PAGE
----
Just because something looks like a cookie doesn’t mean you should eat it. That’s the first rule of intergalactic travel. It’s also a decent policy when it comes to our solar system’s first known interstellar visitor, a mysterious chunk of matter that is large, somewhat crumbly, and shaped like a delicious cookie.
Arizona State University astronomers recently published a report explaining that the 148-foot object appears to be made of frozen nitrogen, the AP reports. The study’s authors, Alan Jackson and Steven Desch, suspect that the chunk fell off an obscure nitrogen-covered, Pluto-like planet some 500 million years ago and tumbled out of its own star system and into ours. The AP explains that the chunk is named Oumuamua, Hawaiian for “scout,” in honor of the observatory in Hawaii that discovered it in 2017.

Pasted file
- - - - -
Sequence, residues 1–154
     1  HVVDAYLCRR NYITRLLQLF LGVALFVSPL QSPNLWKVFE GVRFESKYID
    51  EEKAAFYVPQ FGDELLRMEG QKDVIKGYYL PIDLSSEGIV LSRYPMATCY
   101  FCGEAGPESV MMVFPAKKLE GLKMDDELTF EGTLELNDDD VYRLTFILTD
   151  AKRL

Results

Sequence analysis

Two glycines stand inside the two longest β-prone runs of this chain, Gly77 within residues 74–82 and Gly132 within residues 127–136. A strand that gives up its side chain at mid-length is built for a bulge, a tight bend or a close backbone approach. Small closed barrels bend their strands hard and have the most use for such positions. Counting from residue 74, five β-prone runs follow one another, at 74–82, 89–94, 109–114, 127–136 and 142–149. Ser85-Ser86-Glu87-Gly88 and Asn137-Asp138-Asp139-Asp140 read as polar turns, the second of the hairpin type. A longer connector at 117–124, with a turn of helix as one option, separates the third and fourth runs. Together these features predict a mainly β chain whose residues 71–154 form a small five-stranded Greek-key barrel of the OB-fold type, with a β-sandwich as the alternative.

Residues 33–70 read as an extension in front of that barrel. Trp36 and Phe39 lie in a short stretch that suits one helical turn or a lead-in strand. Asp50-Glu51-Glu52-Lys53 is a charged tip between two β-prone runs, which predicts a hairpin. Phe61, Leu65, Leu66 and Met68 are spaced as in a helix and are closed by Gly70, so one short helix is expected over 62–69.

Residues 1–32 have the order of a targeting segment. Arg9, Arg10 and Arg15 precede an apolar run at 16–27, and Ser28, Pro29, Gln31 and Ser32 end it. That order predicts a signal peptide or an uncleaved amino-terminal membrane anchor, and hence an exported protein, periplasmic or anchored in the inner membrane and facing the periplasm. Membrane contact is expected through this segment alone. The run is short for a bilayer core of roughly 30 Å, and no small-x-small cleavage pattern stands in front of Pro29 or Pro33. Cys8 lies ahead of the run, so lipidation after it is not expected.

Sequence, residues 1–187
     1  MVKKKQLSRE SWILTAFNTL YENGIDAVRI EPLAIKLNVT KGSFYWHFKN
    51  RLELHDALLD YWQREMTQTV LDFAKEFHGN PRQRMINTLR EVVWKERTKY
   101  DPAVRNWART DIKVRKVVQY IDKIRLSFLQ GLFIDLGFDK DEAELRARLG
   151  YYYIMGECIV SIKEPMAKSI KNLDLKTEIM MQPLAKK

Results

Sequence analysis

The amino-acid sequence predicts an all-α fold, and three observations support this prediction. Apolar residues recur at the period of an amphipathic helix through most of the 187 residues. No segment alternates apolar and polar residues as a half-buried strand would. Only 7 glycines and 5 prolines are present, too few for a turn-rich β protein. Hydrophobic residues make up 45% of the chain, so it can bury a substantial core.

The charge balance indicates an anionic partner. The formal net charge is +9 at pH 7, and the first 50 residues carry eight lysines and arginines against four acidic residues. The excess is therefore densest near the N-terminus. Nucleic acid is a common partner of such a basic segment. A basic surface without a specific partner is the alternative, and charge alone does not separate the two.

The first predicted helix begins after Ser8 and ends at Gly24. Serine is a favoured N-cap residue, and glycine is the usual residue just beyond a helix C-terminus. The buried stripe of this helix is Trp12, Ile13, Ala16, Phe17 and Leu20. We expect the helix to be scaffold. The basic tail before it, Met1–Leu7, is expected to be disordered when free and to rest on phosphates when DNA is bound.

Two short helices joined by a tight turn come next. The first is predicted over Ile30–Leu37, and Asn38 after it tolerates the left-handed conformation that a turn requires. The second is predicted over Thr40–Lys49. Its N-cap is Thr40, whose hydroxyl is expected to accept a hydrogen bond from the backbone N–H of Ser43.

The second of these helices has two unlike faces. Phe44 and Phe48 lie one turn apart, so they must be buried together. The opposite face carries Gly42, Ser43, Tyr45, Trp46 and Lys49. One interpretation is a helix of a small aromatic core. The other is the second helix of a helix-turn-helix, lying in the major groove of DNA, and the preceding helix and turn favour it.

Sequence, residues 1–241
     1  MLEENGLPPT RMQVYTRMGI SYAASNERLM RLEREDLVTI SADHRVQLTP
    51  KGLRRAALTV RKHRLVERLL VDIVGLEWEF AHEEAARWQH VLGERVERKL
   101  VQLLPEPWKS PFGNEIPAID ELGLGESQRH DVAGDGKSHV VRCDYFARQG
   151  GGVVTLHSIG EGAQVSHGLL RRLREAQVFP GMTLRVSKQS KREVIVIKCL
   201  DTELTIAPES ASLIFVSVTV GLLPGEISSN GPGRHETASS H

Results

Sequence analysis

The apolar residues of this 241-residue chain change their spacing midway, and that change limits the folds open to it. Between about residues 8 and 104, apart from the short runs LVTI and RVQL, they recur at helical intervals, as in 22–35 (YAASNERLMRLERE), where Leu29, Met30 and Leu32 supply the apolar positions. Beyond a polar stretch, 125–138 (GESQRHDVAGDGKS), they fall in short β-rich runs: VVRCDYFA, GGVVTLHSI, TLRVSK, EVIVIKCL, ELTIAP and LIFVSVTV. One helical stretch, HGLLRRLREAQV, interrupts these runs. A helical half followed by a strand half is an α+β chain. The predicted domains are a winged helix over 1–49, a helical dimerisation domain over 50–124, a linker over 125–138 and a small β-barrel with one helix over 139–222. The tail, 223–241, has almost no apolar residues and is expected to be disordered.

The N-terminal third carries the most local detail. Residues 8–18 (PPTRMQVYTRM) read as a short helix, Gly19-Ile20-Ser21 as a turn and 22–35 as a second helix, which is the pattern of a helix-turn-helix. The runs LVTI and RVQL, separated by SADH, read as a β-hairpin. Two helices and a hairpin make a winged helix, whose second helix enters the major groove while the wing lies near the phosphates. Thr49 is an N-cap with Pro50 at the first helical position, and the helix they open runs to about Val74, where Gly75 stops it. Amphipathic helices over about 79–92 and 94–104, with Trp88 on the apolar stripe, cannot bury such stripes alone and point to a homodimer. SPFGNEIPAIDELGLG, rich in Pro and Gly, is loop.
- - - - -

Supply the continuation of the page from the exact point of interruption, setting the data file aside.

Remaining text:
At first, scientists weren’t sure how to classify Oumuamua. It’s not a planet, and it looks like an asteroid, moves like a comet, and doesn’t show a trace of a tail. The object also appeared to have a width six times larger than its thickness, which are coincidentally the rough proportions of one wafer of an Oreo cookie, Desch wrote. Eventually, Jackson and Desch devised computer models that helped them determine Oumuamua was most likely a chunk of nitrogen ice being gradually eroded.
It’s a little less exciting than the alternative (alien cookie). “Everybody is interested in aliens, and it was inevitable that this first object outside the solar system would make people think of aliens,” Desch said in a statement. “But it’s important in science not to jump to conclusions.” The AP does report, however, that Harvard University’s Avi Loeb disputes the findings and “stands by his premise that the object appears to be more artificial than natural,” like something from an alien civilization. Alien cookie!